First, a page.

It's time

While the election campaign had its usual tactical ups and downs, with charges of gaffes and various mis-steps, none of these - even this last dramatic exposure of an attempted dirty-trick - was a key to the outcome. Labor knew that it was ahead, and that if nothing upset the electoral equilibrium, it carried decisive strategic advantages.

Also in openDemocracy on Australian politics:

Peter Mares, "The Nauru solution" (12 September 2001)

Peter Browne, "Withdraw, Australia unfair" (14 November 2001)

Fred Halliday, "Mr Howard's Australia" (3 March 2005)

Tom Nairn, "On the beach: a bonfire of monarchies in Melbourne" (15 November 2005)

Tom Burgis, "Howard's way" (3 January 2006)

This logic of the contest - a potentially winning opposition against an embattled incumbent - dictated much of the strategy. Governments stress that they are the proven performers and that the opposition are a risky unknown quantity with secret plans and incompetents, and plans that will lead to disaster.

There is also a difference between the frontrunner and the party trailing. The latter has to change the momentum of the campaign, while the latter typically pursues a small target campaign, trying to ensure that it does nothing to alarm potential voters. John Howard honed this tactic to perfection in his 1996 defeat of Paul Keating. In 2007, it manifested itself in Kevin Rudd's "me-tooism". The government charged that every promise Howard made, Rudd matched.

In contrast, the government was facing an "it's time" factor (this, the most famous slogan in Australian politics, was used as the theme of Gough Whitlam's victorious 1972 campaign). It was compounded by the prime minister's age. At 68, Howard was still vigorous and energetic, but seen to be out of touch with emerging issues in particular: broadband and childcare, for example, but most importantly and potently, global warming. Then there was the clumsiness of his promise to hand over to his chosen successor, Peter Costello, and the personal tensions between them, as well as by Costello's poor public ratings. Labor made much of their claim that Howard's main promise was that he would retire.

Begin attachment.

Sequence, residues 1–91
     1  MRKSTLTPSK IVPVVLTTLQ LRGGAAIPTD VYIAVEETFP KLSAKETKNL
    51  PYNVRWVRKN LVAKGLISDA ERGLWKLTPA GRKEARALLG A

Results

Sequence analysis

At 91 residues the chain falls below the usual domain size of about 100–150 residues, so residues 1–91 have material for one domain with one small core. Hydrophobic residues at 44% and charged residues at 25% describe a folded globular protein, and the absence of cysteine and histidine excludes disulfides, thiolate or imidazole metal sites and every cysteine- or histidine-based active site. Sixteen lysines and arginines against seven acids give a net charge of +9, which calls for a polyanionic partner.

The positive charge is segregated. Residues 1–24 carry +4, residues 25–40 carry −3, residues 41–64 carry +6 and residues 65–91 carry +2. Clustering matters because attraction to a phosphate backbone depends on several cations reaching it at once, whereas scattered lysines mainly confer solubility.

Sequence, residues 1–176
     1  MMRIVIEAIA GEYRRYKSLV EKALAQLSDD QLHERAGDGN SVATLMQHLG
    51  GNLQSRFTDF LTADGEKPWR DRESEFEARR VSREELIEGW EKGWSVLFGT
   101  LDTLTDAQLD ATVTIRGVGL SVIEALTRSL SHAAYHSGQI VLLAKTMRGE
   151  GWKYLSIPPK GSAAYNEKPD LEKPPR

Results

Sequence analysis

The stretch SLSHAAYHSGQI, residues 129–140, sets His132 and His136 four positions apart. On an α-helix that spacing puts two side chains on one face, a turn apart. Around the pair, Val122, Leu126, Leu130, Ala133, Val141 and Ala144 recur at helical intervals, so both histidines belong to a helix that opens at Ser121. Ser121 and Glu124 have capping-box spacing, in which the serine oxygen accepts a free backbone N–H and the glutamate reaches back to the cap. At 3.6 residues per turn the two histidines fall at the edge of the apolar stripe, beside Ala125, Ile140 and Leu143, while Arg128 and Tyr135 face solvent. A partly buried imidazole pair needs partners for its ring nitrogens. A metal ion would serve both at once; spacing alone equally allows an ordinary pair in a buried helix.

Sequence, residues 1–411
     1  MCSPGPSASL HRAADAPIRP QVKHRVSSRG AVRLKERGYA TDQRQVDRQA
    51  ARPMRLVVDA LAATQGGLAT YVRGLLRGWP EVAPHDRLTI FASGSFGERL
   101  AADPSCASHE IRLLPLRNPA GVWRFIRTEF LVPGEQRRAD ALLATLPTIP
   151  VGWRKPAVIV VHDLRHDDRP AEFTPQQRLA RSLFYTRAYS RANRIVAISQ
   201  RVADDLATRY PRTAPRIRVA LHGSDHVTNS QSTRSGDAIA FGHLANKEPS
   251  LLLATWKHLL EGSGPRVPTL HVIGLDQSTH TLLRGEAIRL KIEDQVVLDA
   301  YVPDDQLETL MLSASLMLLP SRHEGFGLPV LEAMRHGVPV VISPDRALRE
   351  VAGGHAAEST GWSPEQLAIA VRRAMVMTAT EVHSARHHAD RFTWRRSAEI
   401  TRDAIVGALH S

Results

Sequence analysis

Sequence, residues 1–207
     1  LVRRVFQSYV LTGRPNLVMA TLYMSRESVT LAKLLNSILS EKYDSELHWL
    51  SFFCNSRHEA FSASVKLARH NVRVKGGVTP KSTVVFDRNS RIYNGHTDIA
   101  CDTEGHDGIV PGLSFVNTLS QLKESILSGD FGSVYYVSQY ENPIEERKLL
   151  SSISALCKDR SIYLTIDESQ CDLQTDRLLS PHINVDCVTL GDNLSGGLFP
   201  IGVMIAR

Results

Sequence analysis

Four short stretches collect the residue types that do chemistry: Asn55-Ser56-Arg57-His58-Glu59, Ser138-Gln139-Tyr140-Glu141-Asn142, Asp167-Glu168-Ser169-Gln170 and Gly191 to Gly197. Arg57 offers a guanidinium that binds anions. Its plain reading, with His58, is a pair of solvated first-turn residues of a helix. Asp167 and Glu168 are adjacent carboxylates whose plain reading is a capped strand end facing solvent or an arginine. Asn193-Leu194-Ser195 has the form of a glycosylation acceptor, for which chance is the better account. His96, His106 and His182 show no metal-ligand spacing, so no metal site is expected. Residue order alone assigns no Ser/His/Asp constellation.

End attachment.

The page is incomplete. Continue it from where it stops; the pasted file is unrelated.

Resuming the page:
Moreover, Rudd was able to project himself as a moderniser, on the wavelength of a new generation and its challenges. This was someone who had risen from a disadvantaged background through his own ability, who understood the information age, and who would promote what he called an education revolution. He projected himself as a figure who could represent Australia on the international stage; who would be independent of America but not endanger the alliance; and who (as a former diplomat capable of speaking in Chinese to visiting Chinese leaders) embodied Australia's future in the Asia-Pacific region.

When John Howard was elected in 1996, he said he wanted the Australian people to feel relaxed and comfortable. It is hard to imagine Kevin Rudd making any similar comment. It is sometimes said that Labor wins elections on hope and the Liberals on fear. A somewhat different way of formulating that is to say that Labor governments come to government with far more expectations about the agendas they should pursue, facing pent-up demands in areas like education, health, welfare, infrastructure and the environment.

There is an extra twist in the pattern this time. For whether or not the economic stability of the recent past continues, there is now a consensus in Australian politics that problems of global warming must be addressed, though perhaps with limited recognition even at this stage of the challenges that will bring.